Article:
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Forget gold and Bitcoin. I’d follow Warren Buffett and buy cheap shares to get rich

Warren Buffett

The idea of buying cheap shares may seem less appealing after the COVID-19-led stock market crash. It highlighted the volatility that can be present in the stock market over short time periods, as well as the paper losses that can be incurred by any investor.

However, over the long run, purchasing undervalued companies could be a profitable move. It is a strategy that has been used to great effect by Warren Buffett. He has used market downturns to his advantage over many years.

As such, avoiding popular assets such as Bitcoin and gold to buy bargain stocks may be a sound move despite heightened short-term risks.

The appeal of cheap shares

Cheap shares can sometimes be priced at low levels because they offer disappointing investment outlooks. For example, they may have high debt levels or a weak strategy that is in need of major change.

However, in some cases undervalued stocks can offer significant recovery potential. Their prices may be suffering because of weak industry conditions that ultimately give way to growth. Similarly, investor sentiment may be weak due to an uncertain economic outlook that gradually evolves into growth over the long run.

Warren Buffett has consistently purchased cheap shares after bear markets. This has enabled him to buy high-quality businesses at low prices. Over time, they are likely to recover to post impressive gains. As such, with many strong businesses currently in a similar situation, now could be the right time to capitalise on their low prices to improve your long-term financial prospects.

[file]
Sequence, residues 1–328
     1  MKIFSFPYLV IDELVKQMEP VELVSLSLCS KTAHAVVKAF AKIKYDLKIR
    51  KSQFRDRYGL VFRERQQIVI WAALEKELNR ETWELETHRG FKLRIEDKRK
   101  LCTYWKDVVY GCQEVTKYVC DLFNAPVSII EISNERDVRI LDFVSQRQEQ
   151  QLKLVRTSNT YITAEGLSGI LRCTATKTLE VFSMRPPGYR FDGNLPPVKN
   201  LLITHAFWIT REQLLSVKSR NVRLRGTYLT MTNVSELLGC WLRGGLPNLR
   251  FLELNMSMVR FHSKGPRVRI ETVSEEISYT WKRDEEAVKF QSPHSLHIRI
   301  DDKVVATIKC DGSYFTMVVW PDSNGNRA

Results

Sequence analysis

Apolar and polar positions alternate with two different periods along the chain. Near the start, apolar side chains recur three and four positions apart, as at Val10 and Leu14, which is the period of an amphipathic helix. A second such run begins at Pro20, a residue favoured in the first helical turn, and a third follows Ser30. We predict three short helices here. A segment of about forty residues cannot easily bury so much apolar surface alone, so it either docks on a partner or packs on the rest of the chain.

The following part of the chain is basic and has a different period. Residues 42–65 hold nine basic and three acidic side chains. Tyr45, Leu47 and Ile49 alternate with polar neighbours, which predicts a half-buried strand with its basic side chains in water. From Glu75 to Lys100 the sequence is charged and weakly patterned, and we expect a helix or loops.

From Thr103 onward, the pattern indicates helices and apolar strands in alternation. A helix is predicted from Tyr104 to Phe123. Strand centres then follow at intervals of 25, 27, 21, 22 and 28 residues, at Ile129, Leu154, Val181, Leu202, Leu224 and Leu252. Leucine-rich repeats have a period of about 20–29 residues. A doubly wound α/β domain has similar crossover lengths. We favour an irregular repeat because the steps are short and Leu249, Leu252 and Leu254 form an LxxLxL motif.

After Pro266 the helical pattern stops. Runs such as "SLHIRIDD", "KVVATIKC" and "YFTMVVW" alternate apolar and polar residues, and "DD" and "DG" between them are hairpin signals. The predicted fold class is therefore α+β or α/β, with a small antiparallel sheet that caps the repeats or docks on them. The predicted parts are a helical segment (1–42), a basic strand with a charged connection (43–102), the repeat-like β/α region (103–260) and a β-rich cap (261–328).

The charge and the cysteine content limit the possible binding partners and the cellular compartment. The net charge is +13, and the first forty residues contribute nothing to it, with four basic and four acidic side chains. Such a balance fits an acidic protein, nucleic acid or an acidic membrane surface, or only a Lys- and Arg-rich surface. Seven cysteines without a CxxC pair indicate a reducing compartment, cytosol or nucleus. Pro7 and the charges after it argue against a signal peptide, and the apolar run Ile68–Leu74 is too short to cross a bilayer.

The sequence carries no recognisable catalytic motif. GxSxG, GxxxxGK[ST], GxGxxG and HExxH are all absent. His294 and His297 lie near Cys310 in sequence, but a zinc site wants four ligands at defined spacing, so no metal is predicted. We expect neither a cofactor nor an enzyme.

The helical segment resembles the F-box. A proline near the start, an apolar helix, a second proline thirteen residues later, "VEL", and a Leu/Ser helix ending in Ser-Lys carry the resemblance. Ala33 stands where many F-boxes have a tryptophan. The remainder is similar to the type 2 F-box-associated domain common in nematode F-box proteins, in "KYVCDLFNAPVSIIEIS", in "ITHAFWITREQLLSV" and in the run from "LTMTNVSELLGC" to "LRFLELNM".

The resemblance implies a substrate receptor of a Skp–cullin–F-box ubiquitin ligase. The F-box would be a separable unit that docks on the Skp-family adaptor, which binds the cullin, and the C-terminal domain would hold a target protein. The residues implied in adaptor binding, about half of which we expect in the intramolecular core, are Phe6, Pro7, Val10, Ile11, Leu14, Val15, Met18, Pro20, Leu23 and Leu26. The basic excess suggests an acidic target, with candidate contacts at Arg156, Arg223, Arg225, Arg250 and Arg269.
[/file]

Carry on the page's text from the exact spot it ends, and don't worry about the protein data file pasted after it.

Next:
Short-term risks

Of course, cheap shares could fall in price in the short run. Risks such as political uncertainty in the US and coronavirus may mean that investor sentiment declines even further in the coming months. This may negatively impact stock markets and put share prices under greater strain.

As such, it is imperative that investors follow Warren Buffett’s lead and adopt a long-term timeframe when buying shares. It may take some time for industry operating conditions and investor confidence to return to 2019 levels. By allowing your portfolio the time it needs to recover, you can fully benefit from a likely resurgence in global economic growth and in the performance of the stock market.

Avoiding gold and Bitcoin

Short-term risks to cheap shares may persuade some investors that now is the right time to buy other assets such as gold and Bitcoin. However, gold’s high price means there may be limited scope for a similar rate of growth to that experienced so far this year. Moreover, improving investor sentiment towards risky assets such as shares may reduce demand for defensive assets such as gold, thereby negatively impacting on its performance.

Meanwhile, Bitcoin’s lack of infrastructure and regulatory risks mean that it may fail to deliver on investor expectations over the long run. It may underperform a portfolio of undervalued shares, while being a riskier means of planning for retirement. Therefore, following Warren Buffett’s advice and buying a portfolio of stocks could be a more prudent means of improving your long-term financial outlook.

Where to invest $1,000 right now

When investing expert Scott Phillips has a stock tip, it can pay to listen. After all, the flagship Motley Fool Share Advisor newsletter he has run for more than eight years has provided thousands of paying members with stock picks that have doubled, tripled or even more.*

Scott just revealed what he believes are the five best ASX stocks for investors to buy right now. These stocks are trading at dirt-cheap prices and Scott thinks they are great buys right now.

*Returns as of June 30th

Motley Fool contributor Peter Stephens has no position in any of the stocks mentioned. The Motley Fool Australia has no position in any of the stocks mentioned. We Fools may not all hold the same opinions, but we all believe that considering a diverse range of insights makes us better investors. The Motley Fool has a disclosure policy. This article contains general investment advice only (under AFSL 400691). Authorised by Scott Phillips.

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